The condo build isn't ideal but I haven't built a boat in so long that I just snapped.  Last Sunday afternoon, there was just this brief discussion that went something like "hey, can you help me load plywood on the car and drag it up the stairs after?  Okay, get your shoes.  We're going to a wood store."  I think we got home with the wood around 4pm on Sunday and I just started measuring and marking.


11 hours ago, Ken_Potts said:

Looking good! Keep us posted.  And please remember that cutting a rabbet is an entirely different thing than cutting a rabbit - This isn't a cooking forum after all. :)


To avoid confusion, I've actually been forced to describe it as "rebating an edge" rather than "cutting a rabbet" because my wife is, essentially, a crazy rabbit lady.


11 hours ago, Steve W said:

That is awesome......are you a bachelor yet or just hoping to be? I need to show this to my wife. She would kill me. Ha!


At some point I'll probably end up posting a picture which shows her total lack of concern with the boat's presence but for the moment I'll just say that I've ridden motorcycles into most of the places we've lived and rebuilt engines on tarps in living rooms before.  As I explained when we met, "I'm not domestically inclined."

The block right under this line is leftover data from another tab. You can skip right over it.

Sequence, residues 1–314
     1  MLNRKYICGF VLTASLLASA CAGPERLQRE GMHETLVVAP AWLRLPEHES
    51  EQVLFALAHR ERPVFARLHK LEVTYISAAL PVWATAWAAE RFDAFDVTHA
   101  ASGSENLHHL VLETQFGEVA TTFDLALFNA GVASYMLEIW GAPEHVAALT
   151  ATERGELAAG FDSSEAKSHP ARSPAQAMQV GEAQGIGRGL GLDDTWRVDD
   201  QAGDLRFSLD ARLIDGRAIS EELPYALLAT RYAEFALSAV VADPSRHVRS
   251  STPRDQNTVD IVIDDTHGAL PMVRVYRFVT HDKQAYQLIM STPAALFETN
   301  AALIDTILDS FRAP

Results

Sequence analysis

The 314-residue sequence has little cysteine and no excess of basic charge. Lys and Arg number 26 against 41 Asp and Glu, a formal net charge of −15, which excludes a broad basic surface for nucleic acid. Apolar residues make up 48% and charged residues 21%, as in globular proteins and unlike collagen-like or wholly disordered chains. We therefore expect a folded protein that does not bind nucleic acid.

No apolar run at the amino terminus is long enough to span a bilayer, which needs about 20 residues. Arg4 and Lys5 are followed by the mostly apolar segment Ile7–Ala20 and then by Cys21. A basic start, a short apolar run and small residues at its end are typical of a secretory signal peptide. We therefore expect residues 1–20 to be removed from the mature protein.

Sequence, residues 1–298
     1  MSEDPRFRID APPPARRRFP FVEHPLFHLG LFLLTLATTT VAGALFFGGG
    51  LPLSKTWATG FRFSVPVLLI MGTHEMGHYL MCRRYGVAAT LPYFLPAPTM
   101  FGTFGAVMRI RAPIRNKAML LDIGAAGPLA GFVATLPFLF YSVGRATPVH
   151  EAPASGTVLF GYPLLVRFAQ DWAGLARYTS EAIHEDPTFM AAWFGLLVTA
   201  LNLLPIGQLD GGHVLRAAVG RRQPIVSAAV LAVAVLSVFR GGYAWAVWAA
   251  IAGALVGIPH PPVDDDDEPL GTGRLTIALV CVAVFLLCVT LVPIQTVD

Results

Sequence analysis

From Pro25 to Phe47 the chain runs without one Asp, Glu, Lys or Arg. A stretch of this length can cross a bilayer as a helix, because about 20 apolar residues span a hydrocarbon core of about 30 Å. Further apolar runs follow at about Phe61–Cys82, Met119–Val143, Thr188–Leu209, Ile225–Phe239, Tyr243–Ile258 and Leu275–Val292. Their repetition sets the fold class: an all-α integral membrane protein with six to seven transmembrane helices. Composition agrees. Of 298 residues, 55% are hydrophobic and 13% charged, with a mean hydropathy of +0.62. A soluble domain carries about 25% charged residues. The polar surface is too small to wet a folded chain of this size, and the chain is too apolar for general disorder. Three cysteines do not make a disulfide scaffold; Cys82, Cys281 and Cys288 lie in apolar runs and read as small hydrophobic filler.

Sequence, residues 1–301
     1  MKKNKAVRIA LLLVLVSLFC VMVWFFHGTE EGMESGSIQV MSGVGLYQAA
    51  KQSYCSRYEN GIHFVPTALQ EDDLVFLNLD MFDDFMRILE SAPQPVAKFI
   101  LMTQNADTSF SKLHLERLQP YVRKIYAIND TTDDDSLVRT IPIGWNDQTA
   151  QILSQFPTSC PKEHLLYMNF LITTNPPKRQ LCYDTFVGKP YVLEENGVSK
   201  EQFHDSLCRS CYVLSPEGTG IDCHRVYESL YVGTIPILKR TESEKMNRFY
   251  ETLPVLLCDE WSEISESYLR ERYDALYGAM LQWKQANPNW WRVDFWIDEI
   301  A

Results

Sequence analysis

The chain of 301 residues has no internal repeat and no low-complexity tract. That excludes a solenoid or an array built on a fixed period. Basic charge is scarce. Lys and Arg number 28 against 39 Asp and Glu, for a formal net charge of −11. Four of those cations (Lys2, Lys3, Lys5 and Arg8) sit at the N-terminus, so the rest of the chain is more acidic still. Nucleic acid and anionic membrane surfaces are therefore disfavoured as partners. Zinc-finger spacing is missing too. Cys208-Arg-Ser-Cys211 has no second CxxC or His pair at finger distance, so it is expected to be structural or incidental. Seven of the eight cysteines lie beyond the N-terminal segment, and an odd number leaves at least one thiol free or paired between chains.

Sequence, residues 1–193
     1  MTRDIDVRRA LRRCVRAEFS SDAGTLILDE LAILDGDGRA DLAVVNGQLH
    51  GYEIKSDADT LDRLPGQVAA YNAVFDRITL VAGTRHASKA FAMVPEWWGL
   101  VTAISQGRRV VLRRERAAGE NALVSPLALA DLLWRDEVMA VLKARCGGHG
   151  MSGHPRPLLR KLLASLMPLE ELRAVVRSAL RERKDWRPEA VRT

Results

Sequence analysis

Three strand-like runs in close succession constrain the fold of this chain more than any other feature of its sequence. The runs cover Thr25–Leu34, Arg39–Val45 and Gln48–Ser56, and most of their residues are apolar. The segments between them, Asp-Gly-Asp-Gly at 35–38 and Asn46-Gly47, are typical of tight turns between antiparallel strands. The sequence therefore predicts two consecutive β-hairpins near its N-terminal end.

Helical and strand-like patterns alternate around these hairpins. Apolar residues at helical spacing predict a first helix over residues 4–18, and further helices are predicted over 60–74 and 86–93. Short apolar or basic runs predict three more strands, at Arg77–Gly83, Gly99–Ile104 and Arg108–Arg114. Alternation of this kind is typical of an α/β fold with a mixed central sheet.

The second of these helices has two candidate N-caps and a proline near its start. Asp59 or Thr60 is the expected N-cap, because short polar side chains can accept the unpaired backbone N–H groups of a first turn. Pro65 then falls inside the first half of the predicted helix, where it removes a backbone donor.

11 hours ago, Riggs said:

LOL and i get grief for using a butter knife to mix bondo :angry: This build should be a real hoot plus i get to keep it in reserve for when i get cought sculking of with one of the wife's appliances again.   Keep posting 

Well, bondo smells funny.  That'd bother anyone.

Link to comment
Share on other sites

Turns out the boat was pretty true as-built.  Running a tape corner to corner as she sat, one diagonal was 3/8" longer than the other, so I popped a couple of screws in on the long corners and tied a string between them, making a cinch with a couple of loops on the string to snug it into shape.  It didn't take much.

In some ways this is the most satisfying picture so far: this is my scrap-and-math temporary frame.  I find the idea that you can do some math and come up with numbers and build a shape in the dark, and have it be so accurate that when you screw it into place under the boat without being able to see the centreline, tighten everything down around it, then turn it over and find the centreline perfectly aligned to be absolutely amazing.